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By: Adam Hoffman

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February 21st, 2013

LID: Low Impact Development in Connecticut

LID | Low Impact Development

Low-Impact-DevelopmentIntroduction

LID is an alternative process of land development aimed at minimizing the impact of urbanization in Connecticut's natural habitats by replicating the original conditions found on the pre-development site. In fact, it is more of a strategic approach rather than a collection of related tactics. For the most part, LID serves as a superior alternative to traditional stormwater management, which can be both expensive and ineffective at keeping pollutants from being introduced into the environment.

Although LID is most popular in certain areas of the United States such as here in Connecticut, it is quite similar to other sustainable development practices found in Britain and other European countries.

For example, any land development that could possibly affect the natural movement of water in that area is carefully analyzed and designed to prevent this. The purpose to Low Impact Development is to keep natural processes in tact and work with the natural landscape and hydrology rather than debilitating it. As a result, residential and commercial developments in Connecticut can avoid most environmental degradation, water pollution, and/or possible flooding. Using LID methodology its possible to control most water runoff by retaining it on the property instead of funneling it through pipes and drains into local water resources.

How LID Is Implemented

As mentioned, LID accepts all methods that can be used to maintain the site's original conditions. However, there are a number of principles that often pop up in sites developed using LID:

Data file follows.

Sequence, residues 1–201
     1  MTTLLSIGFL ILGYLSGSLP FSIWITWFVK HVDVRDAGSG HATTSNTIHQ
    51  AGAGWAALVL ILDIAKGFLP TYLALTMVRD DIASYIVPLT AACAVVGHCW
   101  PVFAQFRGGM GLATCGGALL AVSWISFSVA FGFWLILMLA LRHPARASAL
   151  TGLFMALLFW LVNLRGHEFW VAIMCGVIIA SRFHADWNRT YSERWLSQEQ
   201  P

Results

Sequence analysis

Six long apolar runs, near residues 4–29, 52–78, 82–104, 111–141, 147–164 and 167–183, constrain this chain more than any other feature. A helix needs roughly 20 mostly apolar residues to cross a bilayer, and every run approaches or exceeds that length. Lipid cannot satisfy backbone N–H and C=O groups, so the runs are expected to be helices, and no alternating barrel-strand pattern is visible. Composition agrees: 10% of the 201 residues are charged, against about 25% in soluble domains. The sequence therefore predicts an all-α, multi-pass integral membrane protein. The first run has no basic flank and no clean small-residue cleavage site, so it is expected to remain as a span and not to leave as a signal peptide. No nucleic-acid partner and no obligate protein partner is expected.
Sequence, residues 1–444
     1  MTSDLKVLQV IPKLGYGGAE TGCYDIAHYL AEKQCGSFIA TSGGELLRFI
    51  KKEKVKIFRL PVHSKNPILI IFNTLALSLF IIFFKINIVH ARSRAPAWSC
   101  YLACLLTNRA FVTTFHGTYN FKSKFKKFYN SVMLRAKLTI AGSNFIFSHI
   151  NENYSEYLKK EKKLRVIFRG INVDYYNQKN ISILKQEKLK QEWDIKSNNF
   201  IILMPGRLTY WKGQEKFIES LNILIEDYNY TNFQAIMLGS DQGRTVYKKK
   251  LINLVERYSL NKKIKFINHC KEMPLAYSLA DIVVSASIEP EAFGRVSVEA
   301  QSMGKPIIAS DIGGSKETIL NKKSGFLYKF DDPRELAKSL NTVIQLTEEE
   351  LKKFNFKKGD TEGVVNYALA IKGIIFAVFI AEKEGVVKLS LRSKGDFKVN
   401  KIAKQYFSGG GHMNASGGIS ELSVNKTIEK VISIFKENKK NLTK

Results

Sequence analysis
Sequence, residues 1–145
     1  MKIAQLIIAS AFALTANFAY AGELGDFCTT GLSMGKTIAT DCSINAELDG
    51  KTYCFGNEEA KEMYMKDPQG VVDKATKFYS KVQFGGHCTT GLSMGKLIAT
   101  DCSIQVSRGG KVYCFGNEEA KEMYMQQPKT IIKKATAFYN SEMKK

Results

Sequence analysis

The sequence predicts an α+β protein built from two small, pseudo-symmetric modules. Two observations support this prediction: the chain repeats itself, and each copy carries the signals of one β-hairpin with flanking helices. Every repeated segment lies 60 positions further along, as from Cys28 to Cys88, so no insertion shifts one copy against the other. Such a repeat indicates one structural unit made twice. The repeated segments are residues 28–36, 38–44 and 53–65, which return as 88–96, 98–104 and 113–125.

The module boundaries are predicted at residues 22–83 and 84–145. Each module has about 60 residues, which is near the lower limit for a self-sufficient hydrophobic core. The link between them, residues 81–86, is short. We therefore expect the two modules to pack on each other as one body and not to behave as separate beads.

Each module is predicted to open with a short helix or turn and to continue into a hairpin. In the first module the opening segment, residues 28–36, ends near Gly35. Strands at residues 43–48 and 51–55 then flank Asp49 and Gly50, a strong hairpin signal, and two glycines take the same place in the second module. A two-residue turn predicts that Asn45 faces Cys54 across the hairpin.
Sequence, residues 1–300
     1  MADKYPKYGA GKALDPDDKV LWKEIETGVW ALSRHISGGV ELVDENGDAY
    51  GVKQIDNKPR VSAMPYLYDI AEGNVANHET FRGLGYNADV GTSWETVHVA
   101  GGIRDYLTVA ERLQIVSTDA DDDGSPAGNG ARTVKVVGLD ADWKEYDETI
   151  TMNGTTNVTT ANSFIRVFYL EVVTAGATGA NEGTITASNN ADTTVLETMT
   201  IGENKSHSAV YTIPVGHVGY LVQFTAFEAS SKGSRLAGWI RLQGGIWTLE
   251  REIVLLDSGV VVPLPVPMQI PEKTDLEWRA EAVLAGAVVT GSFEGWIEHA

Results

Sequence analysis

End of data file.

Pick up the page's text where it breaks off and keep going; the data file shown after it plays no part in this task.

First
LID requires the preservation of the site's natural state as much as possible. In short, areas that need to be changed should change as little as possible, while areas that do not need to be changed should be left alone. This reduces the need to replicate the site's original conditions, since those conditions have not been changed through the process of development.

Second 
LID requires the site to install control mechanisms used to ensure that the stormwater cannot leave the site. Some of these control mechanisms ensure that the stormwater enters the soil on the site, while others collect it in storage containers for eventual evaporation. Detainment is also a popular usage for control mechanisms installed on these sites.

Third
Site owners should also strive to conduct regular maintenance and reduce pollutants that can enter the environment. Maintenance ensures that the control mechanisms function as intended, while a reduction in pollutants ensures that the runoff from the stormwater is less dangerous.

The Benefits of LID

Connecticut-LIDLID is beneficial because it reduces the site's potential harm to the environment, making it essential in sustainable development. However, it is also cheaper than traditional stormwater management because the site undergoes fewer changes. The LID implementation will vary but it will be used in the site's development so long as those methods can be used to either retain or replicate its original conditions.

Key Takeaways

  • LID manages stormwater runoff through maintaining the site's original conditions. 

  • LID stresses minimal development of the site, the installation of control mechanism, and the introduction of other green practices. 

  • LID is beneficial because it is cheaper and produces less dangerous runoff.
     

Reference

http://water.epa.gov/polwaste/green/index.cfm

About Adam Hoffman

Hoffman began his surveying career back in 1978 when he worked for his uncle, Bernard Godfrey. After graduating from Paul Smith’s College, he worked his way from rod-man to transit-man and eventually party-chief. In 1988 when Adam received his Land Surveying license, he and Mr. Godfrey formed Godfrey-Hoffman Associates. After 12 years of a great partnership, Mr. Godfrey retired which left Mr. Hoffman with the entire business.

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